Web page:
Have You Heard of Sophrology?

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Sophrology might sound like a new fad, but it has been around for fifty years.  A Colombian professor of psychiatry and neurology by the name of Alfonso Caycedo came up with a set of guided practices, with the intent to help war veterans deal with mental anguish and get off medication.  He was inspired by ancient meditative notions, and comingled them with modern psychiatry to derive a holistic set of mindfulness, breathing, visualization, and body awareness techniques.  He then tried this on sports athletes, and found measurable improvement in performance.  Nowadays Sophrology is in the main stream for athletes and students in Europe, and is even prescribed in medical practice.  It is slowly making a mark in the U.S. after the publication of Dominique Antiglio’s The Life-Changing Power of Sophrology in the English language.

The American Sophrology organization describes it as, “Sophrology is a discipline that boosts mental strength while consciously relaxing the body. This relaxation therapy blends mindfulness, breathing techniques, gentle movement and visualization.  It is used as a stress management tool increasing inner calm and mental satisfaction as the mind reaches a deep sense of relaxation.  This feeling of calm can last hours even weeks afterwards.”  They list the following benefits:

Relationships / Family / Self Work / School / Sport
·  Mood Enhancement ·  Public Speaking
·  Improve Relationships ·  Increase motivation & concentration
·  Increase self-esteem & confidence ·  Improve study & exam preparation
·  Increase state of mind ·  Sport – Access peak performance zone
·  Manage life challenges ·  Stress management
·  Increase positive awareness ·  Burnout & management fatigue
·  Better sleep  

 

Sophrology literally means “the study of conscious harmony” and the practices, according to Niamh Lyons, the founder of American Sophrology, are to “work the power of the mind to relax the body.”  But rather than general well-being, the various practices have a specific goal – like performing well on an exam, or excelling in a particular professional sporting event, or other life achievement.  Although it is also a great way to relieve stress.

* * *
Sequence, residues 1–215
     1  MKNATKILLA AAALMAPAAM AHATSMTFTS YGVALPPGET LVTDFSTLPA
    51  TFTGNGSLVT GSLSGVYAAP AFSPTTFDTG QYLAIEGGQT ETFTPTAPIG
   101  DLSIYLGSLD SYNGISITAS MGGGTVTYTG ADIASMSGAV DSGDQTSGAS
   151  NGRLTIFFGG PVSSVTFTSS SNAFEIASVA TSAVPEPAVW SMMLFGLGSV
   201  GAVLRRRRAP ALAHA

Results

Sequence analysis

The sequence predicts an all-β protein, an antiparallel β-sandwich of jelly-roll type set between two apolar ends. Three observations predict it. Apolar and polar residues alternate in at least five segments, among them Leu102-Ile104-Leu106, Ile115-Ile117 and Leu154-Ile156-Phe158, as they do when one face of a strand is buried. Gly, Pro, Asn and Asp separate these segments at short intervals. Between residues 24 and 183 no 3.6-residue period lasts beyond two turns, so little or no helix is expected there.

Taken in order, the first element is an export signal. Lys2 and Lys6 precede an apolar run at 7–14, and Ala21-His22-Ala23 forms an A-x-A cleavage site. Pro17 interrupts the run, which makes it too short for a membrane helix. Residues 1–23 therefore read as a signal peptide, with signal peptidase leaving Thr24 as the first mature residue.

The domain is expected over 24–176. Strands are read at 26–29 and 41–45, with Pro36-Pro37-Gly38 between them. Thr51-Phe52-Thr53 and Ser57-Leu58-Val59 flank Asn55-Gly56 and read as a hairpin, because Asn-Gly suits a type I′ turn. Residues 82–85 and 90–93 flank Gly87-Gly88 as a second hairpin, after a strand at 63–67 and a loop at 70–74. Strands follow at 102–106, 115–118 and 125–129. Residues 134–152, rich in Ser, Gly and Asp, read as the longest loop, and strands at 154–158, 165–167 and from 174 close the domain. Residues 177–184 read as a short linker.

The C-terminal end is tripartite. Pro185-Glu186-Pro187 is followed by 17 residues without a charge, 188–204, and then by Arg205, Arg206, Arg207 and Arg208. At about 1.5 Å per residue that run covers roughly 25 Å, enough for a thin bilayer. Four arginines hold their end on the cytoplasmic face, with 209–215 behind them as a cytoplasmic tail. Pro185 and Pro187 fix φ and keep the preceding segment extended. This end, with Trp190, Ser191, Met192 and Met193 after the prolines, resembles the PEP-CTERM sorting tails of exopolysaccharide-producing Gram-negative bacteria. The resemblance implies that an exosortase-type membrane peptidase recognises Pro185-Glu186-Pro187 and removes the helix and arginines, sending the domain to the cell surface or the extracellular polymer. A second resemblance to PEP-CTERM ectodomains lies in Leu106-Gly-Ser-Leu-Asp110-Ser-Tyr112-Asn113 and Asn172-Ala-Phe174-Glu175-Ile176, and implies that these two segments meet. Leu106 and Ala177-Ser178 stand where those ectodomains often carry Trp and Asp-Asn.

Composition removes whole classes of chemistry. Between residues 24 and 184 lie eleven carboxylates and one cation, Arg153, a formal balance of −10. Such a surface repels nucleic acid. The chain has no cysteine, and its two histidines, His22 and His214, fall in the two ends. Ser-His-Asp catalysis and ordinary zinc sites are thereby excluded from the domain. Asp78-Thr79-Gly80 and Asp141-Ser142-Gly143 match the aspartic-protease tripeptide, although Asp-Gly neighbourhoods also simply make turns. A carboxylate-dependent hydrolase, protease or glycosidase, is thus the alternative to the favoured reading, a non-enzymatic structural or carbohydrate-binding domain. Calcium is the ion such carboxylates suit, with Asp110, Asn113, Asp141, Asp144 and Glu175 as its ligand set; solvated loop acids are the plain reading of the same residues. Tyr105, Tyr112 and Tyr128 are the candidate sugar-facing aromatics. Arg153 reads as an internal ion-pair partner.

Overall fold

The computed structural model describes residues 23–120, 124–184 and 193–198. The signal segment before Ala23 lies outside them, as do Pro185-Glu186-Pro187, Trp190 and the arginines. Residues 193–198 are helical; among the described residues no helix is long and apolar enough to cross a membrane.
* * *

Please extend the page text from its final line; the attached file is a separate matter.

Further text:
There are 12 levels to Sophrology, each guided by a trained Sophrologist.  This person’s goal is to bring you deeper and deeper in touch with your body.  The process begins with scanning the body one part at a time with a deep level of awareness and relaxation.  Then comes the mind, and visualization.  Third comes the combination of the mind and body together.  Fourth considers individual personal values.  Beyond that, the Sophrologist will tailor progressive steps towards the end goal of the practitioner.

So it’s apparent that to practice Sophrology, you do need the help of a guide.  Although these days there are pre-taped guided sessions that can be used.  But the more specific your goal, the higher the need for a professional to guide your development.  Accomplished practitioners describe a sense of near hypnosis where they are able to effortlessly tackle areas of life that previously had given them a high degree of anxiety.  People also use the practices to tackle personal fears.  Because of the focused application, they do report higher levels of effectiveness as compared to yoga or general meditation.

So for those who are looking for personal guidance to tackle a particular life challenge, Sophrology could provide an answer.  And for those who are still a bit skeptical about yoga’s transcendent benefits beyond the physical, Sophrology is also a gateway from western medical psychiatry into eastern meditative practices.

 

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